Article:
STS-114 marked the return to flight of the Space Shuttle after the Columbia disaster and was the second Shuttle flight with a female commander (Eileen Collins, who also commanded the STS-93 mission). The STS-114 mission was initially to be flown aboard the orbiter Atlantis, but NASA replaced it with Discovery after improperly installed gear was found in Atlantis' Rudder Speed Brake system. During OMM for Discovery, an actuator on the RSB system was found to be installed incorrectly. This created a fleet wide suspect condition. The Rudder Speed Brake system was removed and reburbished on all three remaining orbiter vehicles and since Discovery's RSB was corrected first, it became the Return to Flight vehicle over Atlantis. Seventeen years prior, Discovery had flown NASA's previous Return to Flight mission, STS-26.

This concept patch was made by Randy Hunt and represents an updated crew manifest:  Soichi Noguchi, Stephen K. Robinson, James M. Kelly, Eileen M. Collins, Edward T. Lu, cosmonauts Yuri I. Malenchenko, and Alexander Y. Kaleri.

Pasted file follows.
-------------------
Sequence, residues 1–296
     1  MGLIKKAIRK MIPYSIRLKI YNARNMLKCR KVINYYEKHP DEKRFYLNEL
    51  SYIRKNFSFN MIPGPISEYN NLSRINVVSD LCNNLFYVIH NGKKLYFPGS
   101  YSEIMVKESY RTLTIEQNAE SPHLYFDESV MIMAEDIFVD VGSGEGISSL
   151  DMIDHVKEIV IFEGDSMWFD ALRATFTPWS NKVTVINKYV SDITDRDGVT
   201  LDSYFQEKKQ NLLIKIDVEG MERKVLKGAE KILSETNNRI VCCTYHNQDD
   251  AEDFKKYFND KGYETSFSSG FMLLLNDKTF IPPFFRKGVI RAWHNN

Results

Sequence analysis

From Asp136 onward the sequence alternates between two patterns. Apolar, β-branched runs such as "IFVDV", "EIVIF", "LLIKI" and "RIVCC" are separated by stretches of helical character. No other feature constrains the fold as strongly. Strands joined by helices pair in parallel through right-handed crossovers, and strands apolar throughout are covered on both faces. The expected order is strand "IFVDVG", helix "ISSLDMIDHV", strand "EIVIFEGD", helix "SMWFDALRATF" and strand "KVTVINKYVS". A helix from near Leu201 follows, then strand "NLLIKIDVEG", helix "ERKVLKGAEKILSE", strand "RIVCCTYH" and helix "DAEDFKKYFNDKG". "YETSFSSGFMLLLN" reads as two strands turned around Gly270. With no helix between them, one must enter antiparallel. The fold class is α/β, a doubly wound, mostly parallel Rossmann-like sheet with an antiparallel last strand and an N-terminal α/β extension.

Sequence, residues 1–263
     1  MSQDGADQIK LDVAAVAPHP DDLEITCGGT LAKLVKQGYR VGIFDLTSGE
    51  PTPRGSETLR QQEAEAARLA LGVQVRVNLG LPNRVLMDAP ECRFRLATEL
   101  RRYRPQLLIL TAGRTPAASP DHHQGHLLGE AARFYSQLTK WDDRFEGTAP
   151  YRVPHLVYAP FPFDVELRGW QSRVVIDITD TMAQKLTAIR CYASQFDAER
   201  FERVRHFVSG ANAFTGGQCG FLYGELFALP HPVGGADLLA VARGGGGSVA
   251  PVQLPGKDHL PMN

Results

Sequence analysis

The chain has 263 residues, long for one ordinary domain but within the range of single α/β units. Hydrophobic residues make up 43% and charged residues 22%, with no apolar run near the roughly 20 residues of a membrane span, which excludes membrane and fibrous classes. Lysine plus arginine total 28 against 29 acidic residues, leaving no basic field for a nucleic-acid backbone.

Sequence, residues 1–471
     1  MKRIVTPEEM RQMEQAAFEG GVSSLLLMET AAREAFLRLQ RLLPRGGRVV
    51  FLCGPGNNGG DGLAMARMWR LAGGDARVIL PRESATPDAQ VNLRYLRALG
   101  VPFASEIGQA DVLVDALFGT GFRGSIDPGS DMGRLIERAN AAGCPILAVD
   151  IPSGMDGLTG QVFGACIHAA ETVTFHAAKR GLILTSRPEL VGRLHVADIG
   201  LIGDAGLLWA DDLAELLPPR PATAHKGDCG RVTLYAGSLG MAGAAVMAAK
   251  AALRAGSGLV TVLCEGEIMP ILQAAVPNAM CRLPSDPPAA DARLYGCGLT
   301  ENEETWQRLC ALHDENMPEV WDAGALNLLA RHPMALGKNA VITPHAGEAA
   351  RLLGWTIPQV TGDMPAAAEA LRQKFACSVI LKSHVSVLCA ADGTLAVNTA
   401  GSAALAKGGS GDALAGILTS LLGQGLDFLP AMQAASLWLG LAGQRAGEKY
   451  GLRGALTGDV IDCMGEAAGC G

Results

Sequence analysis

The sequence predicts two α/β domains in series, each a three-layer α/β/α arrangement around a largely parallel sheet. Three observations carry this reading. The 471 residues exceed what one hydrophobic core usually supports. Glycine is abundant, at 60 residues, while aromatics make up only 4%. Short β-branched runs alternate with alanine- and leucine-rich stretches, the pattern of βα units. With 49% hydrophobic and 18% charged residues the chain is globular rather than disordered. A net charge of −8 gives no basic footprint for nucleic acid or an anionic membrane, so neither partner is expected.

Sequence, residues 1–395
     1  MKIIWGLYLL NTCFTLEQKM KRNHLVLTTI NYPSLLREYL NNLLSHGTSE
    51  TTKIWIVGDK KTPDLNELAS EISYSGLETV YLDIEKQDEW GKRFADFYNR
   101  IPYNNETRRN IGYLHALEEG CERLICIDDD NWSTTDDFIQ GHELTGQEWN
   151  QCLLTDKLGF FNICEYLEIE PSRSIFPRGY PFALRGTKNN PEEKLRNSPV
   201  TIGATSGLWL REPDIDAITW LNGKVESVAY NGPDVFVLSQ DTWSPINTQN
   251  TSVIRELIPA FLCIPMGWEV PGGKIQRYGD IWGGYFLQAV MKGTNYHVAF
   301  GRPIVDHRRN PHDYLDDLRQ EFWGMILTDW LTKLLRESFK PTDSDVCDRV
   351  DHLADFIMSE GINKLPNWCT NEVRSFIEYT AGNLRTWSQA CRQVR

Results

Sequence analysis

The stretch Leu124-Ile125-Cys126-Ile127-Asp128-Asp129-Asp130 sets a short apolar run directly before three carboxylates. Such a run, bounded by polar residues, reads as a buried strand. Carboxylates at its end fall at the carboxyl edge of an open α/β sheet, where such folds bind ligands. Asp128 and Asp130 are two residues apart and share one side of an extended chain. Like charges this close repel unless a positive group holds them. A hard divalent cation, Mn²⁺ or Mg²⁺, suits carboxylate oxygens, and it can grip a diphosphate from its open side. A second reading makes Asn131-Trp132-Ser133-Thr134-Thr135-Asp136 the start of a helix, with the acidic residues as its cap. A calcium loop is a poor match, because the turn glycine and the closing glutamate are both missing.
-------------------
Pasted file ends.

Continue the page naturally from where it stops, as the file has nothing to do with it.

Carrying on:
This patch is very similar to the A-B Emblem STS-114 "Kaleri" version, but can be identified by the dashed continent outlines and lack of alternate pattern in the contintents themselves.

Size: 
4" / 100mm
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STS-114 - 4" - Randy Hunt - "Moschenko"

STS-114 marked the return to flight of the Space Shuttle after the Columbia disaster and was the second Shuttle flight with a female commander (Eileen Collins, who also commanded the STS-93 mission). The STS-114 mission was initially to be flown aboard the orbiter Atlantis, but NASA replaced it with Discovery after improperly installed gear was found in Atlantis' Rudder Speed Brake system. During OMM for Discovery, an actuator on the RSB system was found to be installed incorrectly. This created a fleet wide suspect condition. The Rudder Speed Brake system was removed and reburbished on all three remaining orbiter vehicles and since Discovery's RSB was corrected first, it became the Return to Flight vehicle over Atlantis. Seventeen years prior, Discovery had flown NASA's previous Return to Flight mission, STS-26.

This concept patch was made by Randy Hunt and represents an initial crew manifest:  Eileen M. Collins, James M. Kelly, Soichi Noguchi and Stephen K. Robinson, Edward T. Lu, cosmonauts Sergei I. Moschenko and Yuri I. Malenchenko.

Size: 
4" / 100mm